The point of the cross is that Jesus paid it all. I’ve always understood the reality that Jesus took on my sin. But I’ve failed to recognize that in taking on my sin, Jesus also took on the wrath of God—God’s holy and righteous anger about my sin.

And so I wept. As a result of deep, intellectual and theological exegesis I had a deeply emotional spiritual experience. In such moments the experience of Seminary becomes highly personal. Head knowledge informs heart knowledge, and I am moved.

Thursday, October 30, 2014

Learning to Stop

Life has been a bit irregular.

Due to travel and transitions, I have seen my husband a total of 13 days out of the past 10 weeks.

Since October 1, I have slept in 7 different beds in 7 different cities and spent over 50 hours traveling by plane, train, and automobile.

And (much to our delight) some of our dearest friends came to visit us from the States, so of the 13 days that David and I have spent together, 3 of them were spent hostng a wonderful and generous family in our home. Yestderday, David went with those friends to Paris for a few days. He'll come home tomorrow.

So today I woke up at 6 a.m. (like I do every weekday), planning to spend an hour alone with the Lord, then go to morning prayer, followed by a 5 mile run. After that I planned to attend a small group and get busy with my homework and all of the ministry responsibilities that I have placed on the backburner. Oh, and I need to schedule a hair cut for Chandler, and take his watch in for repair, and..., and..., and....

Did I mention that in this time frame I celebrated my Dad's 80th birthday with family (Graham was there! So I hugged the stuffing out of him!). Or that my Mom had a total knee replacement followed by post-operative complications that landed her in the cardiac ward?

And then, two days ago, our clothes dryer stopped working.

Anyway, all of that is why I say, "Life has been a bit irregular."

Having Type A tendencies (read: DRIVEN) I just keep plowing ahead, resisting fatigue (no time for jetlag!) and denying the fact that I feel completely overwhelmed.

I tell myself things (half-truths, really) like, "Life is tough all over, suck it up, Buttercup. Nobody likes a whiner." The whole truth is, I am so afraid of appearing weak--or worse, failing--that I forget that my life, and all its craziness, is meant to be lived in surrender to God, not according to my own precious plans.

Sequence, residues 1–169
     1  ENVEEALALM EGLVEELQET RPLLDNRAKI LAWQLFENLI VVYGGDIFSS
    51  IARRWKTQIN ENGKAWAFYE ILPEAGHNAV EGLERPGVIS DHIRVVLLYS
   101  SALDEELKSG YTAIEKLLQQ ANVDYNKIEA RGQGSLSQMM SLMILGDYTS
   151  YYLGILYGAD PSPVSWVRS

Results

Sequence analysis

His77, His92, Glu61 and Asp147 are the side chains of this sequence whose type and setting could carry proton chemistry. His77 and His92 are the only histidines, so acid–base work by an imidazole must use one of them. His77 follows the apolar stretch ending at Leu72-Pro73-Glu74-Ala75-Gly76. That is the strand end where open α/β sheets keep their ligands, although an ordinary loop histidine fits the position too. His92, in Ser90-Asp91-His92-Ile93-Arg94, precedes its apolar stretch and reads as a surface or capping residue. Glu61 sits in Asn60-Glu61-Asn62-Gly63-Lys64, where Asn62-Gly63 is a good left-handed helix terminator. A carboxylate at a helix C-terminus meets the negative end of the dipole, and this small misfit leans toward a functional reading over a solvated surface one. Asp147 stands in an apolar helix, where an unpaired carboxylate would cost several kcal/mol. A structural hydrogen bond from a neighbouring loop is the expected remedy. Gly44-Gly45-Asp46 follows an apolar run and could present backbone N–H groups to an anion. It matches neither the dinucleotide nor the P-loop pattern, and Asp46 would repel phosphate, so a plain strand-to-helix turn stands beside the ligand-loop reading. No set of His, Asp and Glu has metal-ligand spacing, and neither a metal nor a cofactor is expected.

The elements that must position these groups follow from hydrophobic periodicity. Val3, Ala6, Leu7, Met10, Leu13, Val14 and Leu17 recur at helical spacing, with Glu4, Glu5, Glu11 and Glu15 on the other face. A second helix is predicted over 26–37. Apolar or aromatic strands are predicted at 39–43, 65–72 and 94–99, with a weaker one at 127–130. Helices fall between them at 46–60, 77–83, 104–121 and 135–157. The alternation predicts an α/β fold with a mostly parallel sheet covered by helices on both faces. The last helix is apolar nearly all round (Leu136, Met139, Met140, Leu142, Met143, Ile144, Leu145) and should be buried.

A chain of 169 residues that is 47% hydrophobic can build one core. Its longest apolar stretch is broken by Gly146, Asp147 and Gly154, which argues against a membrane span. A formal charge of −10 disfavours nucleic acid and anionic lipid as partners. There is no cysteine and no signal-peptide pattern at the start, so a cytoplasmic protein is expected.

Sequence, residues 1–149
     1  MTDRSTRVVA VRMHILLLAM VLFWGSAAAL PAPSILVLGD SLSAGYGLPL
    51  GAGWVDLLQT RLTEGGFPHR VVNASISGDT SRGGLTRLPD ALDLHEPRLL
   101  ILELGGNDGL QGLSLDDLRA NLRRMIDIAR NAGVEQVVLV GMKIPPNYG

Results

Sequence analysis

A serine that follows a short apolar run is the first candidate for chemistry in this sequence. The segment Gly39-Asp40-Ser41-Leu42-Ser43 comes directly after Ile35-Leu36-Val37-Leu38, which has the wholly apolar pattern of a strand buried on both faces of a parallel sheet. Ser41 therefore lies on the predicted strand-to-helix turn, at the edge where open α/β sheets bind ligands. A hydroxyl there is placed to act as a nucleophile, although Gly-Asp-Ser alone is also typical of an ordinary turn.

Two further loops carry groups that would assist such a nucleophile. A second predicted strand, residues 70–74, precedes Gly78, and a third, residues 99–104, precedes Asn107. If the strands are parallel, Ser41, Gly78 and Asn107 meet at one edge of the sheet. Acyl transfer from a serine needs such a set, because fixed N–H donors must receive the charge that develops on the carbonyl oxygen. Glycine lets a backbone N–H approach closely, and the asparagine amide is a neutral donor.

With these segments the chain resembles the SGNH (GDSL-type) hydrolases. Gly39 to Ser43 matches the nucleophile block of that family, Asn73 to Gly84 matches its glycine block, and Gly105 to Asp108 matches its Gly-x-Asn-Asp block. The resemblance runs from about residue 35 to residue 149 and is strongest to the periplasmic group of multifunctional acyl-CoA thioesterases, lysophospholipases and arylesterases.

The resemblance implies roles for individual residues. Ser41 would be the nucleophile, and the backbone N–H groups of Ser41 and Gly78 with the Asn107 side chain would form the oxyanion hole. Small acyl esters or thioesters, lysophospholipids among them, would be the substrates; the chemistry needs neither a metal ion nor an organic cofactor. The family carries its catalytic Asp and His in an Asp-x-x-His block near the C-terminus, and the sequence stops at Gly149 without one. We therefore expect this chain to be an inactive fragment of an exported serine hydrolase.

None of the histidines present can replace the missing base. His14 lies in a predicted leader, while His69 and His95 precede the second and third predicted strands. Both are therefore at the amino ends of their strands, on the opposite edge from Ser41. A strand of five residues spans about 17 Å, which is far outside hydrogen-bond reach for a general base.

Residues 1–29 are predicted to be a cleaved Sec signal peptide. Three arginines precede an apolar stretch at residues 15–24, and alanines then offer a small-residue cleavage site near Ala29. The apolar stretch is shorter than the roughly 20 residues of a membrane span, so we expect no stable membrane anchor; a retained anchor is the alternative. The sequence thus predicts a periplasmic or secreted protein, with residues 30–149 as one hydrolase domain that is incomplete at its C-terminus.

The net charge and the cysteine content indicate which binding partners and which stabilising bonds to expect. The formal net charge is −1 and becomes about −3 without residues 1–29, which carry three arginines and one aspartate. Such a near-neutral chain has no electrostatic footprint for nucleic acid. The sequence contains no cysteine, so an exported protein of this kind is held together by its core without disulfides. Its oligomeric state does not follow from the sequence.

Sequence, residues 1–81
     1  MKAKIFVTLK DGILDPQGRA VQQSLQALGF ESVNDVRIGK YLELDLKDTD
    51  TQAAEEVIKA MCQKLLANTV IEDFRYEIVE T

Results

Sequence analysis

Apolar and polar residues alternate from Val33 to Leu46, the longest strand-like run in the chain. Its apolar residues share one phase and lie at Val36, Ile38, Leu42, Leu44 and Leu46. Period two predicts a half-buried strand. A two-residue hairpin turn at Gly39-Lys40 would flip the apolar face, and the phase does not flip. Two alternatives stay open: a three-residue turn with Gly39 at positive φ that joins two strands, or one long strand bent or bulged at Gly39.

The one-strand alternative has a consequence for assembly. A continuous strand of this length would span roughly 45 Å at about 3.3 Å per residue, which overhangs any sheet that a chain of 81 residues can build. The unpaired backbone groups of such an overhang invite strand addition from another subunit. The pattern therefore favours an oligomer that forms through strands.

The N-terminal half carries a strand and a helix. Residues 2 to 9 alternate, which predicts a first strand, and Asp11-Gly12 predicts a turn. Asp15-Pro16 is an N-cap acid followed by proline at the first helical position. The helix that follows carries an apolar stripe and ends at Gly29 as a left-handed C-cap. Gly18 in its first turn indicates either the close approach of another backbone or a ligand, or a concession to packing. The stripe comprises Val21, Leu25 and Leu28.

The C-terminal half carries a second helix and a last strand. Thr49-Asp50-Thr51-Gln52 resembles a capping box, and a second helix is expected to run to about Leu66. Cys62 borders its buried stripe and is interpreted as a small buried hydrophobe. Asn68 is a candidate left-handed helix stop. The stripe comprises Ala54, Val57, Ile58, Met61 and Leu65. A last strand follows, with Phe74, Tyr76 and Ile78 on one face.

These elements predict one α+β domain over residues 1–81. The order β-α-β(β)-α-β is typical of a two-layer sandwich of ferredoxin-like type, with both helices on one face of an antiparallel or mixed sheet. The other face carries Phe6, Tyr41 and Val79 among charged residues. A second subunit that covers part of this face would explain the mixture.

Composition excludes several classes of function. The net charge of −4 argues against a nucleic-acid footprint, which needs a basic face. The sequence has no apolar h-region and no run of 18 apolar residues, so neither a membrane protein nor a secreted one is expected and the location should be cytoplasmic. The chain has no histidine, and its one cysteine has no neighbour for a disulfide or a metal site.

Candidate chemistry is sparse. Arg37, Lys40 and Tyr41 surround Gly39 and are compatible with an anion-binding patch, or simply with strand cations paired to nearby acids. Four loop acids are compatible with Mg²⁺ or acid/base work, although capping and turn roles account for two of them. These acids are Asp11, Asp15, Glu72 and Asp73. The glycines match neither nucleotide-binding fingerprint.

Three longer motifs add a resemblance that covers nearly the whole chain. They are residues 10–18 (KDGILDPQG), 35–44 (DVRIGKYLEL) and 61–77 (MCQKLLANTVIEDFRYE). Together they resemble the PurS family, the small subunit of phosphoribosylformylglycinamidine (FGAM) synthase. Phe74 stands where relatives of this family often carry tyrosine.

So, when I woke up at 6 a.m. to spend time alone with God, he spoke very clearly to me.

"Go back to bed."

"But God, I need to run!"

"No, you have been running, you need to rest."

"But God, I have JOB! There is ministry I need to do."

"You are taking a personal day. Cancel all appointments. Now."

"But God, I'll get behind in my classes."

"You'll learn everything you need to know."

"The sabbath is just two days away. You know I always rest on the Sabbath. I can make it two more days.

"When was the time you took a Sabbath?"

"September. The last Saturday in September. No wonder I'm tired."

"Go back to bed," God said. "And when you wake up, here is your agenda:

  • Write a Blog
  • Play a game with Chandler
  • Take Gemma on a Walk
  • Read a book
  • Crochet"

If life could be likened to a game of "Red Light, Green Light," I'd say I'm pretty good at "Go, go, go." I 'm still learning to "Stop."

Today I finally stopped. I went back to bed and slept until 10 a.m. I'm thankful for God who ordains rest.

For he grants sleep to the ones that he loves.

Tuesday, September 30, 2014


David will arrive home at 13h00 tomorrow (and there was great rejoicing!).

Then four and half days later (113 hours, that is) I leave for 15 days (and there was great sadness!).

But while I am away, I will be attending classes at George Fox (rejoicing!), celebrating my Dad's 80th Birthday (rejoicing!), and seeing my first born son (great rejoicing!).

Meanwhile, I will miss Chandler's first round of Parent/Teacher conferences (sadness!).

And so it goes, the crazy, transient missionary life we lead. I live the life of which Dickens wrote in Great Expetations: "Pip, dear old chap, life is made of ever so many partings welded together"

So. Many. Partings.

Some temporary, some seasonal, some indefinite.

What do you do with the partings in your life? Do you resist them? Endure them? Embrace them? 

I can only imagine how the discples felt when Jesus told them that he was going away. I'd have cried like a baby. 

"Going? How can you GO?  We need you here! What will we do without you? Don't you care about us? Won't you miss us? Please. Please don't go."

And he left. With this cryptic promise: I will never leave you nor forsake you.